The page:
Page 19 of 26 FirstFirst ... 567891011121314151617181920212223242526 LastLast
Results 901 to 950 of 1266

Thread: Southwest & American Airlines

  1. #901
    High-Rise Member TexasPlus's Avatar
    Join Date
    May 2005
    Location
    Bedford, Texas
    Posts
    896
    Interesting article from one of the few reporters that stuck with facts, rather than embellish with ignorance.

    Reader wonders why we're not reporting much on Southwest Airlines' maintenance problems
    By Terry Maxon/Reporter
    6:00 AM on Wed., Apr. 6, 2011

    I received this email Tuesday afternoon:

    Mr. Maxon

    I am an avid reader of your articles concerning the airlines. I was wondering why you haven't said too much about the serious maintence problems that South West Airlines is having with their 737's.

    I travel a lot and am worried about their safety since the Boeing 737 is the only jet they have and their average age of their fleet is 19 years old. The investigators are saying this is a metal fatgue problem that normally comes with age of the aircraft. Is there any reason why you are not saying too much about this? If this were another airline would you say more about it? As readers we need more unbiased opinions from experts like yourself. What we don't need is sugar coating! Thank you for your response.

    From a Concerned reader.

    Let me throw out these points.

    1. The average age of Southwest Airlines' Boeing 737s as of Dec. 31 was 11 years. The Boeing 737-300s that have been in the news have an average age of 19 years. The majority of Southwest's fleet is comprised of Boeing 737-700s, which averaged 7 years.

    2. Among the five largest carriers in fleet size, Southwest's fleet age is the lowest. Delta's average is 15.6 years; American's is 15 (like Southwest, it rounds its age to a whole number); US Airways' average is 12.3 years; and United Continental's average is 12.0 years.

    3. Southwest's Boeing 737-300s rank 10th among the oldest types in the airlines' fleets. The oldest are the Douglas DC-9s that Delta picked up in the Northwest Airlines' merger, average age 34.1 years. Delta will be parking those airplanes soon. Seventh oldest are Southwest's 737-500s, tied with American's MD-80s which also average 20 years.

    4. From people like me, you don't need unbiased opinion. You need unbiased reporting. I shouldn't be putting my opinion in my stories.

    5. If this were another airline, I'd be saying less. North Texas readers care more about Southwest Airlines and American Airlines than they do about JetBlue or Delta, and we try to report more closely on Southwest and American..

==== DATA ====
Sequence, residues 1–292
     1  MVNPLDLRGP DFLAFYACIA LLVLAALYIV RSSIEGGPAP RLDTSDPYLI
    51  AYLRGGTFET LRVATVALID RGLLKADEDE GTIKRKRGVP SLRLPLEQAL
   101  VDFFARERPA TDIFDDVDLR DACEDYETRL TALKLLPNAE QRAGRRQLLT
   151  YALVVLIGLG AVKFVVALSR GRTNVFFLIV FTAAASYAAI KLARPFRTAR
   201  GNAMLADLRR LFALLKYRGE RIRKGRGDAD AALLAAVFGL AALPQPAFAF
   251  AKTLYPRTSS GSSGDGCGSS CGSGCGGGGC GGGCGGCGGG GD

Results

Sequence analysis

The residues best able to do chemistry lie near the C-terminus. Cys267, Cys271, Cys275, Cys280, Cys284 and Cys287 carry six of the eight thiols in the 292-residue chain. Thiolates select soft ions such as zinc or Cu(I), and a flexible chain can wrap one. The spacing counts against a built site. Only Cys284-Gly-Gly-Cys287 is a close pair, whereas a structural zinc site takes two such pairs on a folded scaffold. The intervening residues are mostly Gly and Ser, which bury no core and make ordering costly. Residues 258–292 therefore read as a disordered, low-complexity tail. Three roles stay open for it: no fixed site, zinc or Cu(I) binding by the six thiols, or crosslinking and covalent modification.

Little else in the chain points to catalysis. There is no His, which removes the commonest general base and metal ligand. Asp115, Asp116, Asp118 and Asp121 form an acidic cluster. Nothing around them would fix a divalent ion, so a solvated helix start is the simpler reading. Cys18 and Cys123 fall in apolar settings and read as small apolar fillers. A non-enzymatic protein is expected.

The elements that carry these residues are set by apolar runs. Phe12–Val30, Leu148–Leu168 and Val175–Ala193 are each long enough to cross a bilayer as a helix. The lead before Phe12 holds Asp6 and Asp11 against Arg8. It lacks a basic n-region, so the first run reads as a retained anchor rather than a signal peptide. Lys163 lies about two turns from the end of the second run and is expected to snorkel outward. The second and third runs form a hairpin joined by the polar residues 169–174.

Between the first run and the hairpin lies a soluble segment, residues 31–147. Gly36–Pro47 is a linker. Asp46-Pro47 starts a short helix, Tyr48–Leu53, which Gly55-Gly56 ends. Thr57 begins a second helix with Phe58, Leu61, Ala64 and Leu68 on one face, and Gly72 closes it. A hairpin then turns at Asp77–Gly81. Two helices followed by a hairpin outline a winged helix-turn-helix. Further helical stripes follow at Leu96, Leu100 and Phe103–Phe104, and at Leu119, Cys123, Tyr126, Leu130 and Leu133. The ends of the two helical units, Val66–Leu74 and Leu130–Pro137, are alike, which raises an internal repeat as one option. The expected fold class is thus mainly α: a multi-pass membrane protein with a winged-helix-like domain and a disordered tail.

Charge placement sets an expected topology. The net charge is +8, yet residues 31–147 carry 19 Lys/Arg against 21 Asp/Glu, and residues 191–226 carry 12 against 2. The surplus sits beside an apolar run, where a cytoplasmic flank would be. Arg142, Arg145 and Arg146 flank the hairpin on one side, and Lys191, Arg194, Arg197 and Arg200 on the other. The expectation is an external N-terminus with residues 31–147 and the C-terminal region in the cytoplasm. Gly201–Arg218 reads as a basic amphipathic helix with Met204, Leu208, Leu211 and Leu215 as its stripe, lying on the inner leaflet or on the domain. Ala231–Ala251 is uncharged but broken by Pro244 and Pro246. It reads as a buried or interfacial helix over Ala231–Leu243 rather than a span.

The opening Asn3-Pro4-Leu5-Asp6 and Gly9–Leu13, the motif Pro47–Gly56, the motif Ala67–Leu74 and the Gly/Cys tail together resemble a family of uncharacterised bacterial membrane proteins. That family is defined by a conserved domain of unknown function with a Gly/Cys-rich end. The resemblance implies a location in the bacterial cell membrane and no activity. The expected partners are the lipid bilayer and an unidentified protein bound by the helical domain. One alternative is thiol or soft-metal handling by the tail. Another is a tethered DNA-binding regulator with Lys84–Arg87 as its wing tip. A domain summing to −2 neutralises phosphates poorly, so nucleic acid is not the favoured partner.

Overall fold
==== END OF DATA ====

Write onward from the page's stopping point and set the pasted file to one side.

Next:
6. The issue on metal fatigue is the number of takeoff and landing cycles, not years. Southwest's airplanes as a rule operate more cycles over a given period of time than most other mainline carriers. So I'd say that if you want to worry, worry about the cycles issue.

    7. The Dallas Morning News reported aggressively on the FAA/maintenance issues in 2008, and we're trying to be aggressive on this story, too.

    8. Many people have said that the Boeing 737-300 damaged last Friday must have been the result of Southwest's practice of outsourcing some of its maintenance to places like El Salvador. The NTSB said that airplane underwent its March 2010 heavy maintenance check in Dallas.

    9. You may believe that the airplane developed a hole because of shoddy maintenance, but I can't report that because that's not what the evidence is showing so far. I can't make it up.

    10. Boeing said there was no inspection requirement for the lap joint where the split occurred, and Boeing didn't think one would be needed for some time. That's the problem we face when cracks appear where the aircraft manufacturer didn't expect cracks. Should we ding Southwest for not doing the eddy current test on the lap joint when Boeing had not yet recommended such a test?

    11. The NTSB said the jet in question had had all required maintenance work and inspections done, its papers were in order and there were no outstanding maintenance items.

    12. As of this time, I've written five stories for the DMN, four stories for dallasnews.com and, including this item, 12 blog items about the airplane accident and subsequent events. But I haven't written that there are "serious maintenance problems at Southwest Airlines," which you would like to see.

    We'll keep working the story and see where it takes us.

    I think the basic question, restated, was: Why aren't you a better reporter?